What I Learned From “The Witcher”

During the start of my vacation, I got to do something I’ve been meaning to do for weeks – finish up “The Witcher.”1 I won’t go into a lengthy review – as always, there are plenty on the Internet – but the fact that I devoted over 41 hours to finishing the damn thing probably indicates that I enjoyed it on some level. I did learn a few things from it, which are things I do want to share.

A quick note – since this is an RPG, it’s hard to deconstruct some elements without skirting spoiler territory. I’ll try to keep it as vague as possible, but if you really hate spoilers, just bookmark this and come back after you’ve finished the main story.

Meaningful Choices Add To Replay. The Witcher is, in many ways, the best BioWare game that BioWare never made. It uses the Aurora toolkit as a basis, but even more than that, a lot of the tough, complex decision-making that I know from recent BioWare titles is present in this game. There were a number of times where I had to sit and think about what I wanted to do, either because I was engaged in the story or to decide what content I wanted to see. Plus, the advancement system is designed so that you can’t be awesome at everything – you have to make choices about what kind of character you want to be. So, while I don’t see myself investing another 41 hours into the game anytime soon, I currently plan to keep it on my hard drive, and possibly giving it another go at some point in the future because I want to see how the story evolves and how my play of the game changes when I make different choices.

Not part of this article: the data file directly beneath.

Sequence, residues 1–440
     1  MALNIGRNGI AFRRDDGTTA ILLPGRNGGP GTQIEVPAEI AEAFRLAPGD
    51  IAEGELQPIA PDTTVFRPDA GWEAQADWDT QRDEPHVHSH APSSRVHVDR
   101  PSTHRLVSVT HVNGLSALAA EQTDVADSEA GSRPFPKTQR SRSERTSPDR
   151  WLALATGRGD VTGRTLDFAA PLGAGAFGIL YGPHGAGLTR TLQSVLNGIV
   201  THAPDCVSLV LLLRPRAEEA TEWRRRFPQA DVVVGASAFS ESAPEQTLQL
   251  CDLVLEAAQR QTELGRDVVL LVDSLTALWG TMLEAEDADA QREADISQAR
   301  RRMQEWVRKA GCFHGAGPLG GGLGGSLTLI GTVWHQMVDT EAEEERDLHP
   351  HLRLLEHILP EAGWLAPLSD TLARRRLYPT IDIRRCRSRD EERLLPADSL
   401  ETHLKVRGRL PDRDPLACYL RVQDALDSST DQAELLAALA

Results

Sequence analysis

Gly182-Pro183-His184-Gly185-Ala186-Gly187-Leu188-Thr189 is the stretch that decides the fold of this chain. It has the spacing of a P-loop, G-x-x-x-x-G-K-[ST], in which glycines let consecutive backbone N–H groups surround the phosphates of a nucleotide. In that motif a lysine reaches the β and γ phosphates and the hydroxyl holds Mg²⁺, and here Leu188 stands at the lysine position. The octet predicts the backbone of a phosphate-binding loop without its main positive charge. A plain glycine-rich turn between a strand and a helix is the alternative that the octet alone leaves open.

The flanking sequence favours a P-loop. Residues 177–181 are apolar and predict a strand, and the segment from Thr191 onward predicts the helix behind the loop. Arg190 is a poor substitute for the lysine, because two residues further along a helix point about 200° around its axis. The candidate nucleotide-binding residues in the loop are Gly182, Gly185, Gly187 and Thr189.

Game Mechanics Can Conflict With The Story. One of the more controversial aspects of “The Witcher” are the so-called sex cards (link NSFW). Essentially, if you sleep with a female character, you get a racy collecting card of your encounter, which you can look at in your journal. At first I wasn’t nearly as offended by this as other people seemed to be. The main character, as presented, was a sterile mutant monster hunter ostracized from society, which meant that he probably doesn’t exactly have normal relationships with people. When I realized that this was essentially a collecting card mini-game, I was actually on board – this character was probably meant to be a James Bond-style womanizer, one who uses women as temporary comfort before going back out to slay monsters before the local townsfolk got wind of his indiscretion. Granted, it didn’t make my sympathetic to the main character I was playing, but the game was firmly steeped in a very muddled morality – every character has good and bad sides – so while I didn’t empathize with it, I understood it.